Here we have another important topic: mind uploading. Memo, the main character, struggles with his father’s death and tries to change his life by moving from his home city. There comes the opportunity of becoming the sleep dealer – a worker who plugs his mind to a machine and controls it from far away. Needless to say, Memo is a hacker, so the story goes on as a good cyberspace thriller should.


8. Ghost In The Shell (1995)

Ghost in the Shell

The cult anime sci-fi will have its Hollywood version in 2017 with Scarlett Johansson in the leading role, so we will probably see something quite similar to a “Neuromancer” adaptation made with 21st century CGI. It’s because the original “Ghost In The Shell” had all of what takes to make a brilliant cyberpunk experience.

The most difficult thing in bringing “Neuromancer” to the screen is that it mostly concentrates on fast, intense, nearly non-stop action. This kind of hyper-action narrative is difficult in live cinema but perfectly fits animated films.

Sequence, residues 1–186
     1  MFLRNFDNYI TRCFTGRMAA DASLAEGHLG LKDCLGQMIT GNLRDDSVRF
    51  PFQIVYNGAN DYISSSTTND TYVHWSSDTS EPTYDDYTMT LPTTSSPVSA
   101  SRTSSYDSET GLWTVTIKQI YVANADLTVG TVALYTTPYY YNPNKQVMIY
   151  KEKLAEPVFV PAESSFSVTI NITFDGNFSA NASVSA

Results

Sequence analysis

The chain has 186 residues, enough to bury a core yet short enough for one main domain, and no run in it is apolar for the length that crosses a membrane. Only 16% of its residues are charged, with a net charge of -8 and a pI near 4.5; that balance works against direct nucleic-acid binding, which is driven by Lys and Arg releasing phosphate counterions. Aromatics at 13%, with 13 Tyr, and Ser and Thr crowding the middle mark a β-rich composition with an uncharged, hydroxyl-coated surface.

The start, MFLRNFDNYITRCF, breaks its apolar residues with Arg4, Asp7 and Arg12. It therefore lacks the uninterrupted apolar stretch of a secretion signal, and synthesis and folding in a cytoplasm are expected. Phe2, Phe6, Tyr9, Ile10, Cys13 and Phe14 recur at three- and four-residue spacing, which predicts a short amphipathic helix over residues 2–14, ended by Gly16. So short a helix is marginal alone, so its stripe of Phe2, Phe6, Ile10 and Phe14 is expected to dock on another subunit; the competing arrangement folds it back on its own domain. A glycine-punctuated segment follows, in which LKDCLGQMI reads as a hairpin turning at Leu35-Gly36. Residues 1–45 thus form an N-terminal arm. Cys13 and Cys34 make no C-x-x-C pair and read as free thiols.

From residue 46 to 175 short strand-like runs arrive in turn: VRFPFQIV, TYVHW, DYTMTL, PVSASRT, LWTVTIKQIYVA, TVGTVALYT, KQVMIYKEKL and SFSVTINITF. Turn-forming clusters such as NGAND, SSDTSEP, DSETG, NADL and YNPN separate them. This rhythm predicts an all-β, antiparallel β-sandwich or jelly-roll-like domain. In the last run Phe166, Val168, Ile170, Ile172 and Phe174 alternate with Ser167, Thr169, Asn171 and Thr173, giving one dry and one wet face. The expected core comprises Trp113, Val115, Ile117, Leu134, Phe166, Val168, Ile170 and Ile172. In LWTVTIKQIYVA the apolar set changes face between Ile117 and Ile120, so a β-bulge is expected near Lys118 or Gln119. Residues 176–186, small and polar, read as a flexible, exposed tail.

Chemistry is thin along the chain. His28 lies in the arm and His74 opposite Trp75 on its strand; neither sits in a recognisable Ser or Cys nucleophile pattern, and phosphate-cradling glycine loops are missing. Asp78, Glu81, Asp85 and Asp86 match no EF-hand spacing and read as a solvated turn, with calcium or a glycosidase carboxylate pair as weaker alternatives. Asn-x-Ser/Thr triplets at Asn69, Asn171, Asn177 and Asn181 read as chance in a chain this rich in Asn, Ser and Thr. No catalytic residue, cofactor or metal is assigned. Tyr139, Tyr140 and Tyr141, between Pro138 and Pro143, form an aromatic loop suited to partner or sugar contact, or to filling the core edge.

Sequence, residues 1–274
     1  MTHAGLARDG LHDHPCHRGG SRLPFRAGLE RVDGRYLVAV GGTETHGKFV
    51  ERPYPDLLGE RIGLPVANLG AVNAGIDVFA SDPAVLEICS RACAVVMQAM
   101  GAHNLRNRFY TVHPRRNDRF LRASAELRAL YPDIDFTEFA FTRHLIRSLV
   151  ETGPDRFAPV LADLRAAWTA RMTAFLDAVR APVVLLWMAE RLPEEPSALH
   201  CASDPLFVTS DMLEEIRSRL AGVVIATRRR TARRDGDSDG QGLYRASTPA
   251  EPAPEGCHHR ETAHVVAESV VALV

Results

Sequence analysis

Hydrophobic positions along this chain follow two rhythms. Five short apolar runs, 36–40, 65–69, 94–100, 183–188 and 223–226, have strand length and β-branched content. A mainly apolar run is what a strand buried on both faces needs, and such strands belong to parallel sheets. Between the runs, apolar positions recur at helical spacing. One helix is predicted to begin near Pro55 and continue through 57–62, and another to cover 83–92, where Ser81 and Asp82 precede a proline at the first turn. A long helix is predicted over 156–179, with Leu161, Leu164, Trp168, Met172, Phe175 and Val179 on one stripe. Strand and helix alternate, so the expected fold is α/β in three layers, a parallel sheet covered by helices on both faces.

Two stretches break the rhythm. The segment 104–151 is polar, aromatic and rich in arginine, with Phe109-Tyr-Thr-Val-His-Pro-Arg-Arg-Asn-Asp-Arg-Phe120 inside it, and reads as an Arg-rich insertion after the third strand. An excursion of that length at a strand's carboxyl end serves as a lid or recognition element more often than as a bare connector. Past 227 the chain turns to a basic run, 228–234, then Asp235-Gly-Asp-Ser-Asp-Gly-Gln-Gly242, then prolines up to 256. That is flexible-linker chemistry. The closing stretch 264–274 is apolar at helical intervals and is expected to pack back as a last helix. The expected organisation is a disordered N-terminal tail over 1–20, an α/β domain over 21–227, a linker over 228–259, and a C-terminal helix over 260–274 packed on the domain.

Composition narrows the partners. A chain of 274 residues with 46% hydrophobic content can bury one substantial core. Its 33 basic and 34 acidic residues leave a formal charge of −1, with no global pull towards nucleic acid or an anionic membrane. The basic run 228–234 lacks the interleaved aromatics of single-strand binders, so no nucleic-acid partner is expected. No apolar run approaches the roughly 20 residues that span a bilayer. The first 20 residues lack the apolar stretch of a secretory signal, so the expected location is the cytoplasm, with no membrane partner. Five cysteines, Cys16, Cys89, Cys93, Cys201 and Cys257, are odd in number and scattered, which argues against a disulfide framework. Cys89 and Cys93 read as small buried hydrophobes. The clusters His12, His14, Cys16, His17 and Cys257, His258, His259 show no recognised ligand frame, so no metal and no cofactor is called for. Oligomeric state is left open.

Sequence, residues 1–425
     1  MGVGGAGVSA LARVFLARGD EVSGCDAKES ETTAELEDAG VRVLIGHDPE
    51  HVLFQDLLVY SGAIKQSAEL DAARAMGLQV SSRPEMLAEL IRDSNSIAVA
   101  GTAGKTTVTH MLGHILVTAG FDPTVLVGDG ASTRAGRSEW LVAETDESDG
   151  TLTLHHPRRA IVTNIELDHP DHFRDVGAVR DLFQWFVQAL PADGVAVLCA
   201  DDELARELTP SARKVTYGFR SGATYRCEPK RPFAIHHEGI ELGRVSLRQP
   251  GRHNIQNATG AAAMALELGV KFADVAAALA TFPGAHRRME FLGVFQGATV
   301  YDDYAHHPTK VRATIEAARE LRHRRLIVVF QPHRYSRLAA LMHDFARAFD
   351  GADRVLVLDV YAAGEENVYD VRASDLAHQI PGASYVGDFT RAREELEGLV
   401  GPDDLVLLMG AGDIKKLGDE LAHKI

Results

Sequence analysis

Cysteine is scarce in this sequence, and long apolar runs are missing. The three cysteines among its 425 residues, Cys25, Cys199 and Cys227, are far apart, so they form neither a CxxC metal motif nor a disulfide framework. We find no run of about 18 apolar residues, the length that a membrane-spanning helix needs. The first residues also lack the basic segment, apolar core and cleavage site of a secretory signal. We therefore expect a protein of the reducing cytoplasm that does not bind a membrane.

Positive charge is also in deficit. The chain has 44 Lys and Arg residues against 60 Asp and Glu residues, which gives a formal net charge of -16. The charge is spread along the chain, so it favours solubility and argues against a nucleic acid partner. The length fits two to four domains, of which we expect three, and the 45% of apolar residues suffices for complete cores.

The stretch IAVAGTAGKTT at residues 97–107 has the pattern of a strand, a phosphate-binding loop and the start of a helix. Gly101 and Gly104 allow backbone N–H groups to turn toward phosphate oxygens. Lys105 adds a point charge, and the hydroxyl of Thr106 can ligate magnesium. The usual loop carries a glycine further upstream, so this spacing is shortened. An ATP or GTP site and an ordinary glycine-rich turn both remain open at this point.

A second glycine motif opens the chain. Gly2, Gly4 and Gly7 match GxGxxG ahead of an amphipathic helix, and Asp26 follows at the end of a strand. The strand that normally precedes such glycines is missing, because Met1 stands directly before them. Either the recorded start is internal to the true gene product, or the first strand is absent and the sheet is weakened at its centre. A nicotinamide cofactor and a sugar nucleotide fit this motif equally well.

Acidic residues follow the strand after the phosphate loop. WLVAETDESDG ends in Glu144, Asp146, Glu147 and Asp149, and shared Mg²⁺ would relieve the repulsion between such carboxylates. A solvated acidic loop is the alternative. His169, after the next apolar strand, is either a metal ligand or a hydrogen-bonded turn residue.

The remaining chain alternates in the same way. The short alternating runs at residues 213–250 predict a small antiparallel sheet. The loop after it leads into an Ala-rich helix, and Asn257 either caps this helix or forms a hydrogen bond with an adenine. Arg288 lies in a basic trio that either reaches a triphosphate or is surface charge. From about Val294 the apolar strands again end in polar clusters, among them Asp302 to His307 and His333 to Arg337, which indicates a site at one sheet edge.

You can easily imagine Neuromancer’s epic chases and cyberspace sequences in the kaleidoscopic anime cinematography. It’s definitely easier to make such a film with animated techniques than with live actors and a green screen. “Ghost In The Shell” isn’t based on any of Gibson’s works, but it has the special dynamics of his narrative.

It also shares the futuristic vision of augmented reality thrown into the cityscape. Technology and biology fit perfectly in this world just like in Gibson’s classic novel. We could only hope that the live-action version will be close to its predecessor. Maybe this will be the ideal equivalent of the cinematic “Neuromancer”?


9. Aeon Flux (2005)

Aeon Flux (2005)

This is an example of how anime can be recreated in a live-action version. Unfortunately, it shows that it’s nearly impossible to preserve the intensity and energy of the original. Fast action scenes in this movie seem unnatural and nearly nonsensical, especially if we recall the cool bullet time scenes in “The Matrix”.